The Old Rainier Brewery, rising above I-5 a bit south of Seattle's stadiums, has been divided into lofts and other spaces for design firms, a coffee roaster, even a small craft brewery (Emerald City). Here, the brand was brewed for over six decades, until company and brand were sold to Pabst and the building closed in 1999,
The Seattle Brewing and Malting Co. was organized in 1893, so this Georgetown plant had about a quarter of a century run until Prohibition shut it down. Today, Machine House Brewing does business in this space. Opened just about two years ago, Machine House stands out from the crowd by concentrating on session-strength (3.6% to 4.8%) English style ales and by pouring only from casks in the taproom.
Head brewer Bill Arnott came to Seattle from Norfolk, England where he learned the craft of making Real Ales. He works on this seven-barrel system, acquired from neighbor Two Beers Brewing. The first time he tries a recipe, Bill says, he lets it ferment all the way and records the finishing gravity. Then, for cask ales, he draws out the ale around .0015 to .002 points short of full fermentation and the ale finishes fermenting and carbonating in a steel firkin. The pub aims for a serving temperature of around fifty degrees F; the British reputation for warm beer being somewhat undeserved.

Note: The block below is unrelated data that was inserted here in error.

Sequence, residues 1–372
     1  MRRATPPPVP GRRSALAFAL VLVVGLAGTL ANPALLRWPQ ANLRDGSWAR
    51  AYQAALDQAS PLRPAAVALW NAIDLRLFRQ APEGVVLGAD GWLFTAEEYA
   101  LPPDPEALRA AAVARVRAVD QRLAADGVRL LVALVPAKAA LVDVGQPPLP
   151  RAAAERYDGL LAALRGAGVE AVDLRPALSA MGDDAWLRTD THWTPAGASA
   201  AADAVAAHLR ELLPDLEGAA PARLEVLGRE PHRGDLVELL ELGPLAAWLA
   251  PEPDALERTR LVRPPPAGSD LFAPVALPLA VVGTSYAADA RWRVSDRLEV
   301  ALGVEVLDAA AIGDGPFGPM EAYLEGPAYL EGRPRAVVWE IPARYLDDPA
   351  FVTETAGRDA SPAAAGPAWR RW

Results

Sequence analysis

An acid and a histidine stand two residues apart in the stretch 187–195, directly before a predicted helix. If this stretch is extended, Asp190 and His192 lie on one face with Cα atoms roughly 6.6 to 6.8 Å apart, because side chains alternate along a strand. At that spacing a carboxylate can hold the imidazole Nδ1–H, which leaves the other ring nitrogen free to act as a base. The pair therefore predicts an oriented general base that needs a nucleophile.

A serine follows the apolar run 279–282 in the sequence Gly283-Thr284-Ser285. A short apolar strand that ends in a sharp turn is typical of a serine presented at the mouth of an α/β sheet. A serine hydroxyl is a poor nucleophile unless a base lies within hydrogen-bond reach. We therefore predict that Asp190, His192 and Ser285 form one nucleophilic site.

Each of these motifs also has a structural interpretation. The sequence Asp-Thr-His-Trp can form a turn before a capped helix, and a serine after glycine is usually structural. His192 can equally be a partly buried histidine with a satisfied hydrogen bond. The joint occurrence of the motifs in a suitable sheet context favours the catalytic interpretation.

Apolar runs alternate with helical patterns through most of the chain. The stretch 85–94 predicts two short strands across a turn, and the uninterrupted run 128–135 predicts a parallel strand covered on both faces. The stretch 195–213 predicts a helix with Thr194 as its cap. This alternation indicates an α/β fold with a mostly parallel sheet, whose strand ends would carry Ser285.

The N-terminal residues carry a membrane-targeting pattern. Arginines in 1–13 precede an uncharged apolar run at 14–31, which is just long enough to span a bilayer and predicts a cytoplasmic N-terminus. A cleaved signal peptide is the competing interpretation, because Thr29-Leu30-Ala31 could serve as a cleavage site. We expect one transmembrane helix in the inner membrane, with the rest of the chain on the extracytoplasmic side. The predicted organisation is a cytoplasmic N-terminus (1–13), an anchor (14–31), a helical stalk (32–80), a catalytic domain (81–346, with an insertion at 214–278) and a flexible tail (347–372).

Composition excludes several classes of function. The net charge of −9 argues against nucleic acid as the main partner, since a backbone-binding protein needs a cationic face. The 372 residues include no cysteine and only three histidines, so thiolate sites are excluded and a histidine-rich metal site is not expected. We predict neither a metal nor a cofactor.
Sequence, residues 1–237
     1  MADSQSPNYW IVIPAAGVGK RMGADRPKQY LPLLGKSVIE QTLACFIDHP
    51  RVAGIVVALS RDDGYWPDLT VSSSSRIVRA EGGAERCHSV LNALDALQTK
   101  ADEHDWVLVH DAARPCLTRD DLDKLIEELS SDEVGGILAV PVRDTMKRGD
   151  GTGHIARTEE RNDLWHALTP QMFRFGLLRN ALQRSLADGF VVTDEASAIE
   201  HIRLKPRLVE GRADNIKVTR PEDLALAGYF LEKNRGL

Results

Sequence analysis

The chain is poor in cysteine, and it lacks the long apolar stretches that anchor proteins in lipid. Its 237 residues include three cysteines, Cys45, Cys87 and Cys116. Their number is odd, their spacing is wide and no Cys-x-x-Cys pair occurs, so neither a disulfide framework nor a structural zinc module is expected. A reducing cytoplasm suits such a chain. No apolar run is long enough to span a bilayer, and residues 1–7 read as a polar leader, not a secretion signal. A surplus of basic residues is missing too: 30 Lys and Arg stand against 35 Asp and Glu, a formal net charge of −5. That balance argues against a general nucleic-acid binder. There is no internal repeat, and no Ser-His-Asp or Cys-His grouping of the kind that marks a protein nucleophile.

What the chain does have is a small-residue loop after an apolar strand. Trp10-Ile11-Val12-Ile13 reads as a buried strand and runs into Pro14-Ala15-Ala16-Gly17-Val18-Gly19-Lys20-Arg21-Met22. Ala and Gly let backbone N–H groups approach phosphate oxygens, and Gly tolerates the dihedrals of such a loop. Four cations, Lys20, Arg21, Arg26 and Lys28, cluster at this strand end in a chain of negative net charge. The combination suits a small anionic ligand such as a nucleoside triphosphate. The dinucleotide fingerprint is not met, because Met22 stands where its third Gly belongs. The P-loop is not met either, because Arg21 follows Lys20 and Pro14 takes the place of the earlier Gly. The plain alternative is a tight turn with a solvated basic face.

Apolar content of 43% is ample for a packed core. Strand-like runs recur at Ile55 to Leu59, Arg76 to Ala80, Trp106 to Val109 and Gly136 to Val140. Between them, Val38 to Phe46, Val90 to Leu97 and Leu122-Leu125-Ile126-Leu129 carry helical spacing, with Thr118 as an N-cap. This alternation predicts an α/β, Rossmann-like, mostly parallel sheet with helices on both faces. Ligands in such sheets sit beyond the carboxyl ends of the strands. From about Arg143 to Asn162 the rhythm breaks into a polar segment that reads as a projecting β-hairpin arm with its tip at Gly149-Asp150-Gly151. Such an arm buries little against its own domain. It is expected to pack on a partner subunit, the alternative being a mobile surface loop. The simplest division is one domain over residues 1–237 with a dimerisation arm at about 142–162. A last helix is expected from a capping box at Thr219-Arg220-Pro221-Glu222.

The pub was pleasant. no food cooked here but peanuts were for sale and food trucks were right around the corner on Airport Way. The big screen carries English football, Premier League matches, with Chelsea and Man City taking a 1-1 draw when I was there.